Courtenay council has made its decision on the 5th Street bridge upgrades.

At Monday night’s meeting, councillors voted against installing cantilevers as part of the project.

Councillor Doug Hillian put forward a motion that the city would not install the multi-use pathways as part of the upgrades.

It was a 5-2 vote in favour of the option to upgrade without cantilevers with councillors David Frisch and Melanie McCollum voting against the motion.

Councillor Hillian also added an important amendment to his motion.

He asked that council and staff make the option of a 6th Street pedestrian and multi-use bridge a top priority moving forward. This bridge would not allow vehicles.

Mayor Bob Wells explained that opinions have changed over the last 10 years on what would be best for the city, but the no cantilever option, and a possible 6th Street bridge were the ones that seem to be the most supported in the community.

“I can only echo the same feedback that I’ve gotten that as bad of an idea the 6th Street bridge was five or 10 years ago, it’s now the good idea. It’s the one that people seem to be getting behind, seem to have a vision for it, while at the same time significant opposition to spending the extra money for the cantilevers,” says Wells.

“I think when the idea of cantilevers was first presented in my mind what I saw is people kind of zip on real quickly and zip off real quickly at the other end, and provide that safe passage while they’re on the bridge along with all multi-modal folks that are getting across the bridge. But as it seems now that’s not going to be nearly as finessed as I might have hoped.”

Councillor Melanie McCollum-who voted in favour of adding the cantilevers- says she fought with her final decision all week but decided that the added cost for the 6th Street option just doesn’t make sense.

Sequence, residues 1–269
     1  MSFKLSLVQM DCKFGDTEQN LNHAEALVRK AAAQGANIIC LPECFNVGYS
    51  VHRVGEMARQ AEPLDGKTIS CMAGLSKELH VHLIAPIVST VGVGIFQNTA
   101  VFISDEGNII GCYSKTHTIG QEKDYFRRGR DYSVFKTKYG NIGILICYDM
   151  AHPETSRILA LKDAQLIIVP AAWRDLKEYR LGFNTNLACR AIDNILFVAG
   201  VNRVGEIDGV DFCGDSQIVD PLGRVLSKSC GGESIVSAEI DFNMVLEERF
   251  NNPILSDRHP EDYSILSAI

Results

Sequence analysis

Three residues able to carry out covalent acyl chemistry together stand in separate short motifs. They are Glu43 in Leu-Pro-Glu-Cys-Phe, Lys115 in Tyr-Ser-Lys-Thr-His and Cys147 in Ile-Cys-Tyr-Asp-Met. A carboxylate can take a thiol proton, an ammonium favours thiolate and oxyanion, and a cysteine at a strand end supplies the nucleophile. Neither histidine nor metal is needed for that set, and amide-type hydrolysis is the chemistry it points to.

“Thinking about how much we could do with that 1.5 million that we’re looking at spending on the 6th Street bridge versus what it could go towards (like) building out better pedestrian and bike safety in other parts of the city.”

The total cost of the 5th Street bridge upgrade and rehabilitation project is expected to be around $6.3 million, with $1.96 million of that coming from federal or provincial grants.

Now that a decision has been made, an alternative approval process (AAP) will take place, allowing Courtenay residents the chance to voice their opinions.

The city says it will also look at the possibility of getting funding from surrounding communities such as the CVRD, Comox, and even 19 Wing as they all use the bridge as well.

If you would like to learn more about the 5th Street Bridge rehabilitation and upgrade project or the possible 6th Street pedestrian bridge, visit the City of Courtenay’s website.